In our final Daily Gold Nugget this week, we are concluding our series on tools you can use to test your website. We hope that through these testing tools you have determined for yourself if your website needs a refreshing, or if you can continue to use the same site through the 2010 holiday season.
As promised, the tool we are sharing today is loved by consultants and hated by jewelry website designers and website programmers. We are referring to the World Wide Web Consortium (W3C) Markup Validation Service.
Before we give you the web address, we need to give you some background about these folks. The W3C is the organization that decides the standards that websites should be programmed with. They do not listen to Microsoft; they do not listen to Apple or Adobe or Google or anyone else who creates the technology that powers the internet. Instead, they have a counsel of people who spend a few years to decide what the next "standard" should be.
Once their website standards are official, it's up to the individual companies to follow them, or create their own methods. Microsoft and Adobe are notorious for creating their own programming technologies that fly in the face of the W3C.
The reason your website programmer and designer hate the W3C validation service is simply because it will point out every little "non-standard" issue on a website. But just because it's not in the standards list does not mean your website is bad... you just have to make sure it's tested everywhere.
Website consultants and public speakers love this tool because they know everyone's website will fail validation somehow. Don't let yourself get tricked into paying high price consulting fees just so someone can point to this report and tell you your website is bad.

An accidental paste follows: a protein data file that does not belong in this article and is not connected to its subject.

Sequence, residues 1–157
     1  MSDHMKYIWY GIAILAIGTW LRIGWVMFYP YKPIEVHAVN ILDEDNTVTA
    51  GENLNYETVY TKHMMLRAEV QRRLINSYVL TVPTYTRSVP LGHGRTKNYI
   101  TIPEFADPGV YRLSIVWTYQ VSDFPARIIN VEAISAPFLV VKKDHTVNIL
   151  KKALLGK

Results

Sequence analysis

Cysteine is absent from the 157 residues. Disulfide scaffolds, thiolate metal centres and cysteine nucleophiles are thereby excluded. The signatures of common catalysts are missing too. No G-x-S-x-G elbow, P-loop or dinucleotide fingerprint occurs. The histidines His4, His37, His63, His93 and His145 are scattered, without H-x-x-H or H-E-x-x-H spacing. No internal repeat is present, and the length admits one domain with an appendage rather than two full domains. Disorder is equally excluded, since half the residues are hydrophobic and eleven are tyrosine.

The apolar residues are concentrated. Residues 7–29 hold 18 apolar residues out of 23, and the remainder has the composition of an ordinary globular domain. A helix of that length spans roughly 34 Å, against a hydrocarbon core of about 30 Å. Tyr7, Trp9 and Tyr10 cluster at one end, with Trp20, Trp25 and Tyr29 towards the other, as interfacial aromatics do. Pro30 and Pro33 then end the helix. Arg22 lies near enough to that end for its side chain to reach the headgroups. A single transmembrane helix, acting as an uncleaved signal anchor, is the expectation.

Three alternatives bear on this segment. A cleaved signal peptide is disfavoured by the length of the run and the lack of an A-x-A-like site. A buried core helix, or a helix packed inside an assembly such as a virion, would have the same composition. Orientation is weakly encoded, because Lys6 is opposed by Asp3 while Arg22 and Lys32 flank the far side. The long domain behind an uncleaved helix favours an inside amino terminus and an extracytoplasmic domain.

Here's the tool: http://validator.w3.org/
Type your website into the Address field and click the Check button.
Don't be surprised if your website has 79 or more errors even though the Website Grader tool gave you a 90. Website Grader measures usability and where traffic comes from. The other tools we gave this week measure SEO aspects. This W3C tool is purely an indication of the compliance of your website to follow strict website programming standards.
If your website has a grossly overstated number of errors or if your get the "Sorry!" message then it's time for a technology overhaul of your website. Fixing the errors found by the W3C validator will probably cost more money than starting over from scratch.
Every new website you build should be able to pass the current W3C validation test. Your jewelry website designer is responsible for ensuring that a new website is valid with the current website standards, which are still HTML4.01.
HTML4 went into widespread use in December 1999 and the W3C waited until January 2008 to publish a working draft of HTML5, but few web browsers support it as of today. We expect that some time before December 2011 the W3C will ratify the HTML5 standard.
With all the tools we've shown you this week, we hope you realize there are many factors involved in why you should be keeping your website current with technology, and therefore improving the usability experience of your customers. HTML5 is not quite ready for widespread usage today as you rethink your website, but it will be the standard technology in 18 months when you revisit your website design again.